Gateways are great. That’s because they enable communications where otherwise, it would be impossible. Impossible that is other than by using something else. Funnily enough, that something else is often a monolithic PBX that is made to mimic the functions of a gateway. Less amusing is that such a solution is often far more expensive, and involves capital outlay on something inherently obsolete.
What can cloud telephony enable you to do that previously hasn’t been economically viable for both enterprises and SMBs?
This post touches on a particular area into which cloud telephony is set to breathe new life. It will focus on the impact a cloud telephony approach can have on the uptake of premium tools/resources, such as speech recognition and synthetic speech, to the benefit of businesses, both large and small.
Interactive Voice Response (IVR) systems are widely used to provide automated call handling for businesses. But sometimes for the caller, remembering which digit to press to connect to a certain department is not so straightforward, and can be time consuming. In addition, with the prevalence of smartphones, it can be somewhat annoying to have to listen to the prompts, then bring up the numeric keypad display on the phone before you can enter your digit choice. Wouldn't it be simpler if the caller could just speak the name of the department they required or speak the digits of a PIN code? Well, they can, using automated speech recognition technology, ASR.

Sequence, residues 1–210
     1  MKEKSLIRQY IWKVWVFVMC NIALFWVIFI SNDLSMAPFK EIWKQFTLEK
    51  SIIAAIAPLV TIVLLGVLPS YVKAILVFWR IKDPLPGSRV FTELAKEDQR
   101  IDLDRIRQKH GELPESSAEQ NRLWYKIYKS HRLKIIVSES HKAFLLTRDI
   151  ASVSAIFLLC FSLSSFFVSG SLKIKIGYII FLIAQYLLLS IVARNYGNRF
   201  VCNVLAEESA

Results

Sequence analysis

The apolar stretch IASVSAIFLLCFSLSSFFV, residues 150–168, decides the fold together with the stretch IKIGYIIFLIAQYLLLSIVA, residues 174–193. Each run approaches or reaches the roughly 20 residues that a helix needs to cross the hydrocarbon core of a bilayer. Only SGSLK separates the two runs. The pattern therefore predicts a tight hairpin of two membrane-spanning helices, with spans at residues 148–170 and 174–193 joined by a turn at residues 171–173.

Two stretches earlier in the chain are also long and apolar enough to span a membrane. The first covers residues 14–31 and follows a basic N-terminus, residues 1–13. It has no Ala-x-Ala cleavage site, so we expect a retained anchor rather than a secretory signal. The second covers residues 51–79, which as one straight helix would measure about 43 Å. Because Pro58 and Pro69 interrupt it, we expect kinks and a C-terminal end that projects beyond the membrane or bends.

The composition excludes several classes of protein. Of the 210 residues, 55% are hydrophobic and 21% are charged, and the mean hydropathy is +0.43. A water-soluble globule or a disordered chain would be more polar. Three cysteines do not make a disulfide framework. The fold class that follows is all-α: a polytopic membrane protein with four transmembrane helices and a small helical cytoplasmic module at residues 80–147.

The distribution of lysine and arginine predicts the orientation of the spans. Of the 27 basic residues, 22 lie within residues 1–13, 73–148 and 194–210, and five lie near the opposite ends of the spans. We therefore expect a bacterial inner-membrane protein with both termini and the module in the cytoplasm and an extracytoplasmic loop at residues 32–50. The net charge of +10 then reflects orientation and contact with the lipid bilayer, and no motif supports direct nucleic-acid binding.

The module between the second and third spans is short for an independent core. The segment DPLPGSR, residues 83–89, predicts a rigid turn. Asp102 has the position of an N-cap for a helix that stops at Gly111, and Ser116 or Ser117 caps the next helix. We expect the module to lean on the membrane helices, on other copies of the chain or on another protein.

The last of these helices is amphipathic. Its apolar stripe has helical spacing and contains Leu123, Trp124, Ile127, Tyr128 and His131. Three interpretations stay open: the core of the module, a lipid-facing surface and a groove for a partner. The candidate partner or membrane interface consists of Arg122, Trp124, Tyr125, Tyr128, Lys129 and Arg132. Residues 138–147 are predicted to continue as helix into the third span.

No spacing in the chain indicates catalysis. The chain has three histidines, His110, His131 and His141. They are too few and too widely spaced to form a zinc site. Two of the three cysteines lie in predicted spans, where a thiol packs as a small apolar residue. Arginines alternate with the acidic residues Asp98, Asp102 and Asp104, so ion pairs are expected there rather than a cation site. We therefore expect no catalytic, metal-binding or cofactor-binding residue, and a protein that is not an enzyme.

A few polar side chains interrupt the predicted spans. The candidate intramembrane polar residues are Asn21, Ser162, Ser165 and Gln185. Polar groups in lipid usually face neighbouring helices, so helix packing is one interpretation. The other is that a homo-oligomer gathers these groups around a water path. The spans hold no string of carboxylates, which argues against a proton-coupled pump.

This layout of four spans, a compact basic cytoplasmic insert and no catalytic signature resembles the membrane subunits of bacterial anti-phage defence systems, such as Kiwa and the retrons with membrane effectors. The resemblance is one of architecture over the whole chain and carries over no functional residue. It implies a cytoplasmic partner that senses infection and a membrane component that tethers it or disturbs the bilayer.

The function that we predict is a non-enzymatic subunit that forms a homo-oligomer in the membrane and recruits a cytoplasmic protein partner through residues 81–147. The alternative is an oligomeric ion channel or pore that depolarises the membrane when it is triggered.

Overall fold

With 55 percent of those asked in a recent survey report “Cloud as a Journey: The Reality of Cloud-based Solutions” (1) stating that within the next four years they will offer Cloud or Web-based systems (higher than ever before), evidence points towards Cloud becoming the de-facto architecture for contact centres – inbound or outbound.
Nothing is as constant as change. Is that true? It’s an old adage, but probably not strictly accurate. Change might be ever present, but the pace of change is fluctuating all the time. So change itself isn’t constant – it speeds up and slows down, sometimes erratically, but it’s always apparent.